James Shield's Sheffield United Column: Strange stories, annoying phrases and a chance for The Blades to begin focusing purely on football rather than politics
‘Control the controllables,’ is a favourite phrase among football managers, coaches and players alike.
It is also one of those horrible, hackneyed expressions that make you wince every time someone utters them. Even though they kind of make perfect sense.
Sheffield United have enough to worry about right now without squabbling over what the ‘The Truth’ behind Chris Wilder’s departure last month was a moment longer. There’s nothing to be gained, as relegation from the Premier League looms large on the horizon, from squabbling over the players who might or might not have joined the club had the former manager listened to owner HRH Abdullah bin Musa’ad bin Abdulaziz Al Saud or vice versa.
And in any case, many of the names which helpfully made their way into the press last week would have been beyond United’s reach even if the pair had agreed.
Are we really supposed to believe that a player who eventually moved to Napoli for around 70m euros was ever a realistic target? Apparently so, even though the likes of Ollie Watkins and Matty Cash proved to be beyond their reach. There’s nothing to stop United expressing an interest in Lionel Messi or Sergio Aguero either, until the discussion turns to the small matter of the transfer fee, wages and image rights.
The same phoney war was being fought on the internet site of one national newspaper earlier this week, with Ismaila Coulibaly, currently on a long term loan with sister club Beerschot, said to be attracting the interest of numerous major European clubs. None were actually named. No actual offers were mentioned. Which leads me to suspect that someone keen to boost the midfielder’s profile and reputation among United supporters, ahead of his eventual return to South Yorkshire, was responsible for engineering the story.
That’s not to say the Mali under-20 international isn’t a handy midfielder, because he almost certainly is. He probably also deserves better, without having actually met the lad, than being used as a pawn in the proxy war being fought between Wilder’s supporters and those on the board’s side of the fence - a fence I’ve tried to sit on for so long that, despite what some of the keyboard warriors who suddenly took up arms following the 53-year-old’s exit would have you believe, its left me needing treatment for an acute case of splinters.
Having prepared for Saturday’s derby against Leeds 14 points adrift of safety with only nine matches remaining, United, as Prince Abdullah conceded during a recent interview with a media rights-holder, are set to kiss goodbye to the Premier League. Paul Heckingbottom, placed into caretaker charge until the end of the season, can’t do anything to prevent that despite refusing to publicly admit defeat.
But what United can do is ensure they leave in an orderly fashion. And give the remaining few fixtures some meaning by awarding some game time to their youngsters.
We all know several of those who would ordinarily be on display at Elland Road are likely to say cheerio this summer. It’s inevitable. Some, most of us are able to name right now. Others might come as a shock but, given there are rarely any secrets in a dressing room, you can bet your bottom dollar Heckingbottom knows who they are.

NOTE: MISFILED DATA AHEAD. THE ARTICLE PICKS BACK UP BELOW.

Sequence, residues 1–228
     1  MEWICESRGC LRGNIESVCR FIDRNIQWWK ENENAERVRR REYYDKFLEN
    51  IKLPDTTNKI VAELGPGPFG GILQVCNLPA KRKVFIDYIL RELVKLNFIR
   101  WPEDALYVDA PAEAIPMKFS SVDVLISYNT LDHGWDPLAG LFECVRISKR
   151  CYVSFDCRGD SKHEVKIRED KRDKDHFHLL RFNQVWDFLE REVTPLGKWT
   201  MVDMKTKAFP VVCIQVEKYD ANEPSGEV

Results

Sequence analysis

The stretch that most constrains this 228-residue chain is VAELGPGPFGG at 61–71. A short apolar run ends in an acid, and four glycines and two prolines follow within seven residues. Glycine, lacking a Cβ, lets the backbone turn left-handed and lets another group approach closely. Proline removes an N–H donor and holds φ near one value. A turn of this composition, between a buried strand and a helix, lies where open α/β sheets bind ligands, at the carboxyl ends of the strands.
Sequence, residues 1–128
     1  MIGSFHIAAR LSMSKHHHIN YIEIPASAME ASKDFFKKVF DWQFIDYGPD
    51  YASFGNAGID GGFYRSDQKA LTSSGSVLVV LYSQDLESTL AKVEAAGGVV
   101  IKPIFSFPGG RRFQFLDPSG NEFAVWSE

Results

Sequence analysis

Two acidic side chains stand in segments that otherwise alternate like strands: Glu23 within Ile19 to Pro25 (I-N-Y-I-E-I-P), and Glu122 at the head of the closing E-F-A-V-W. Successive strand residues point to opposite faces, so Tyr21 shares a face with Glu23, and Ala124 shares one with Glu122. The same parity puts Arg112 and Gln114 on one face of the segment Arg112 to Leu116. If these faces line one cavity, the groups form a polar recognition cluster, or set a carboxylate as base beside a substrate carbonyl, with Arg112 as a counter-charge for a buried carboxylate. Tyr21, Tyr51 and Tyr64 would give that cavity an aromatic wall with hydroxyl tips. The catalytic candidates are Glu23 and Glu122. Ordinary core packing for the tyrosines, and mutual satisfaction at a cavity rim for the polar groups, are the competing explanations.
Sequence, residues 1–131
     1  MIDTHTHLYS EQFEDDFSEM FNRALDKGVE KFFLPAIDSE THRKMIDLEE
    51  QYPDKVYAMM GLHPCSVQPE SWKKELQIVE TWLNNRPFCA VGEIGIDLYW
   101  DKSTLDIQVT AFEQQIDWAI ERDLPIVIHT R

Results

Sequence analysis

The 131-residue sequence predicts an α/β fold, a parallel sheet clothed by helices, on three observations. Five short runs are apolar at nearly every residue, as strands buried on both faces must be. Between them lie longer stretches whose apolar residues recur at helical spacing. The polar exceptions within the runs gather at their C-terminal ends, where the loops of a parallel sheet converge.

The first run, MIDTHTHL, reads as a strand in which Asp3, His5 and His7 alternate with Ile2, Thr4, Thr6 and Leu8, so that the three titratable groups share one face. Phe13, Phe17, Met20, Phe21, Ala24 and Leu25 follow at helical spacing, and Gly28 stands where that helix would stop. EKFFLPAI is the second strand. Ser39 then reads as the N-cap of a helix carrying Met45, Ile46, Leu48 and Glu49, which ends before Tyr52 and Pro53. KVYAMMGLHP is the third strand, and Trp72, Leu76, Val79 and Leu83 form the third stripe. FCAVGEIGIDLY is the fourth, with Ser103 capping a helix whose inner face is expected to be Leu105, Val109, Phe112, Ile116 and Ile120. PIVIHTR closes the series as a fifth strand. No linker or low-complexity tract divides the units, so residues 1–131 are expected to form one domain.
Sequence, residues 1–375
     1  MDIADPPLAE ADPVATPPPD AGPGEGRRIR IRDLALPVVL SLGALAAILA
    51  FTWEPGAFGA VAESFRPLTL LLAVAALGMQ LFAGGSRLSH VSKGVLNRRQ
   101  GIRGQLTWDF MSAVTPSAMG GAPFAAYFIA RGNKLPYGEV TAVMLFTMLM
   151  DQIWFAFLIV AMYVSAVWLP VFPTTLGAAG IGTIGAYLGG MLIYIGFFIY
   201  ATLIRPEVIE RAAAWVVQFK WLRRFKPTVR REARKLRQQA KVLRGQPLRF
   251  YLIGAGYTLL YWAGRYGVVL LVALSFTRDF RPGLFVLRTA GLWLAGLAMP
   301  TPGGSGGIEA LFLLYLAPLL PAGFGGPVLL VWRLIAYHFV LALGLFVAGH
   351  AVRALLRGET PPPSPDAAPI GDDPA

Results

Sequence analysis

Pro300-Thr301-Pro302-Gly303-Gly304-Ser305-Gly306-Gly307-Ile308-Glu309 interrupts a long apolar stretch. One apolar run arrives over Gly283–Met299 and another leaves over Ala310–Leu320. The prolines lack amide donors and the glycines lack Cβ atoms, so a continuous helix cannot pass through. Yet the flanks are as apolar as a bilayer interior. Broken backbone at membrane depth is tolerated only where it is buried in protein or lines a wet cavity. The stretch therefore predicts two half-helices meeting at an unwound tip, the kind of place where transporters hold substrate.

So United should control the controllables, look after themselves rather than those who are destined for the exit door, and start playing some of those youngsters who have started to make the bench in recent weeks. Probably not for the whole 90 minutes, although the odd start here and there wouldn’t hurt. But some decent cameo appearances would not only help reinvigorate a squad which has lost more games than it probably cares to remember this season, but also provide it with a sense of purpose for the remainder of the campaign.
*Speaking of goodbyes, it was a shame to see Darren Ward, Matt Prestridge and Mikey Allen leave Bramall Lane this week. The trio, two of whom were on United’s payroll long before Wilder was appointed, all played important roles in helping the club climb from the third to the first tier of English football in the space of only three years under Wilder. Ward and Prestridge, who followed the 53-year-old to United from Northampton Town, were both important members of the coaching staff while Allen, a talented analyst, demonstrated his commitment to the club by returning to work earlier than he probably should have done as he struggled with the after effects of Covid-19.
Allen might not appreciate me saying so but I’m going to do it anyway, having watched him struggle to climb the steps towards the back of the main stand earlier this month in order to perform his matchday duties.
Ward was rated by Wilder as one of the best tutors of goalkeepers in the business. His predecessor Nigel Adkins held him in equally high esteem, as did former loanee Dean Henderson - now of Manchester United and England. Prestridge is one of those people whose contribution might not be fully appreciated by those looking in from the outside. But certainly is by those at the coal face.
Personally speaking, and from a neutral perspective if such a thing is possible when commenting on United right now, I thought it was a shame the official statement announcing they had left wasn’t a little more effusive and heartfelt. Hopefully, with former assistant manager Alan Knill expected to follow shortly, it was simply an oversight. Because all three deserved better than the obligatory best wishes for the future and thanks. I’m sure it was. To his credit, Heckingbottom paid a handsome tribute to all three during his pre-match media conference ahead of this weekend’s visit to Leeds.